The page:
Ishan Agarwal

An Indian American high school senior in Illinois, Ishan Agarwal, created a nonprofit, Project See Well Do Well, to help poor students in India get eye exams and improve their vision. ( photo)

Using his poor vision as a catalyst, Ishan Agarwal, an Indian American high school senior in Illinois, created a nonprofit to help poor students in India improve their vision.

Agarwal, who told the State Journal-Register that he can’t read anything more than 2 feet away, created the “Project See Well Do Well” nonprofit, which has helped about 3,000 students in India get eye screenings and supplied 177 students with prescription glasses.

The 17-year-old senior at Chatham, Ill.-based Glenwood High School, told the publication the idea to form a nonprofit started with an article he read four years ago detailing how students with poor vision struggle in the classroom.

Reading the article made him think of the struggles he would have reading without glasses and thought, “What’s the point of going to school then?” the report added.

That thought stuck with him, and an idea clicked when Agarwal went to see an optometrist as part of an eye examination required by the state for Illinois for schoolchildren, it said.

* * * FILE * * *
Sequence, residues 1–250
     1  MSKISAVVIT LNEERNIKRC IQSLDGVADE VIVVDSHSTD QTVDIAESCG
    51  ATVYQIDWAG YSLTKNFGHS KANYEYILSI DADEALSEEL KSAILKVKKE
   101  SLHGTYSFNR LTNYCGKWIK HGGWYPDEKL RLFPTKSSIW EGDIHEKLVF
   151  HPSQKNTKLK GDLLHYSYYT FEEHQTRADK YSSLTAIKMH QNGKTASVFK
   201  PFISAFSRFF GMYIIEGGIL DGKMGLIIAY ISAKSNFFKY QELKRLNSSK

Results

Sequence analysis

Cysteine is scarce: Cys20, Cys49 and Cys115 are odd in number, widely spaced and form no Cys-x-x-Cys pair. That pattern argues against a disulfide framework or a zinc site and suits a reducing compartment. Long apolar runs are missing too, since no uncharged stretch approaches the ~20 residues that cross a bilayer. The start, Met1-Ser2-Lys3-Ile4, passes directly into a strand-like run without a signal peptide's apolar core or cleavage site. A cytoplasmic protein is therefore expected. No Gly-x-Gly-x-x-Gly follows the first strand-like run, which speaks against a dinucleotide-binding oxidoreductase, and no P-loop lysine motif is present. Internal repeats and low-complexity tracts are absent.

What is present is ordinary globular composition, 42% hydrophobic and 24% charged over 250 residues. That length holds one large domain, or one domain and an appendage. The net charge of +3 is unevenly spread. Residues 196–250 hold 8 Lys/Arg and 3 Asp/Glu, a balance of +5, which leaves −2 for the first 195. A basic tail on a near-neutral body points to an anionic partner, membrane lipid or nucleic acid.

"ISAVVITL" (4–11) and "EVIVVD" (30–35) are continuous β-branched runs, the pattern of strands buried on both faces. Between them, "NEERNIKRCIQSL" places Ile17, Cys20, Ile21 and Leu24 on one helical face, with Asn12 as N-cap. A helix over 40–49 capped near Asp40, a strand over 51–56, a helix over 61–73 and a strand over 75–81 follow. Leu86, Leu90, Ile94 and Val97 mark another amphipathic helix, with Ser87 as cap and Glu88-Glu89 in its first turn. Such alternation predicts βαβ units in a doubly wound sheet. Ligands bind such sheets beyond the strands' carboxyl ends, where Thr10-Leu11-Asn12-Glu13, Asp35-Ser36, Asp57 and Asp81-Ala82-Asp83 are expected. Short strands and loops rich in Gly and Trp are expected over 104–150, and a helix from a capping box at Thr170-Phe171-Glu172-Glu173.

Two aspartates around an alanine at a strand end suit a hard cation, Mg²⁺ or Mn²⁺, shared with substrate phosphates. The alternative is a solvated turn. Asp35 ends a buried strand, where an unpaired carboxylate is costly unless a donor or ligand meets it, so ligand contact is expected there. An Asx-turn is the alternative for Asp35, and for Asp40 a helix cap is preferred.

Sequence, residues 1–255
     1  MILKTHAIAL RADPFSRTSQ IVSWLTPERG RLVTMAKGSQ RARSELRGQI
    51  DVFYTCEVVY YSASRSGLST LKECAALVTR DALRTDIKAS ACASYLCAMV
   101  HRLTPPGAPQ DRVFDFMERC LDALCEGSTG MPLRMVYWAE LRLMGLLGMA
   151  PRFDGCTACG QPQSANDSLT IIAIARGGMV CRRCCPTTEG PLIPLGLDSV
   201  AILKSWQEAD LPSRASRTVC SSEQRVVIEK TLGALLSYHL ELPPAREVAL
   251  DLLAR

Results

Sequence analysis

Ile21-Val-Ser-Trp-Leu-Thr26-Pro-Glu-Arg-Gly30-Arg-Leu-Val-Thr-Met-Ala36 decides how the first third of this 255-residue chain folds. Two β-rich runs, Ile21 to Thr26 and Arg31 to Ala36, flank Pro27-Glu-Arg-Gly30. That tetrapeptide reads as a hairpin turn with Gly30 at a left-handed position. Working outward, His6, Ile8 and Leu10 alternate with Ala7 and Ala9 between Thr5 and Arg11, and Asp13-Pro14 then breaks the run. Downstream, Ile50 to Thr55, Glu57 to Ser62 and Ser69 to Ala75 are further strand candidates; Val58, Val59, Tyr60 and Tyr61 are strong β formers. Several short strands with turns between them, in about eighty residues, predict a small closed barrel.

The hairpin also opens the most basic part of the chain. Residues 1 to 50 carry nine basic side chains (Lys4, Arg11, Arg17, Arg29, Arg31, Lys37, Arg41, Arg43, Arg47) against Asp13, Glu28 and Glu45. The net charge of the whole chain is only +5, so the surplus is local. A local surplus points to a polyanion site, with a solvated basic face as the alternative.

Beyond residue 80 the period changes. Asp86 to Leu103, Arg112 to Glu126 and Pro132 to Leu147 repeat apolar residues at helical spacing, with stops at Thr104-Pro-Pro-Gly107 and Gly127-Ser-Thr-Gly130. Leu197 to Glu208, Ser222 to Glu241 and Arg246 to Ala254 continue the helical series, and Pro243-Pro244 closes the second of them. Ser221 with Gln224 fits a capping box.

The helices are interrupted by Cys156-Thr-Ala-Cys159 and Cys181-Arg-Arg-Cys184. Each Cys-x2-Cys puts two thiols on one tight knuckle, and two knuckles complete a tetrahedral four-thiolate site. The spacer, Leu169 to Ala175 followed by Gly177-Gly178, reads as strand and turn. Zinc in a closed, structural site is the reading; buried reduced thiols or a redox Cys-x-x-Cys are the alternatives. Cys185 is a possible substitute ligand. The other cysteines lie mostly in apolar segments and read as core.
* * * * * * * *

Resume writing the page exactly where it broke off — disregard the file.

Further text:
He wondered how routine eye exams are in foreign countries, thinking of India, a place his parents emigrated from and that he and his family visit every year.

Agarwal told the publication that eye exams are not required for schoolchildren in India, which ultimately puts many students in positions of going to school without the necessary glasses they need to read and perform well.

The senior studied how to administer a Snellen Chart, an eye chart with rows of letters big and small used by optometrists to measure visual activity, and then took his newfound knowledge and used it to train teachers at four schools in Navsari, India, when he traveled there with his family in January 2016, the report said.

He also contacted the Rotary Eye Institute in India, which agreed to have its optometrists volunteer to help with the vision screening, it said. The Indian American also reached out to a wholesaler in India and used $900 friends and family donated to purchase glasses for students, according to the publication. The hope, down the road, is to expand the program.

More information about the nonprofit can be found by visiting

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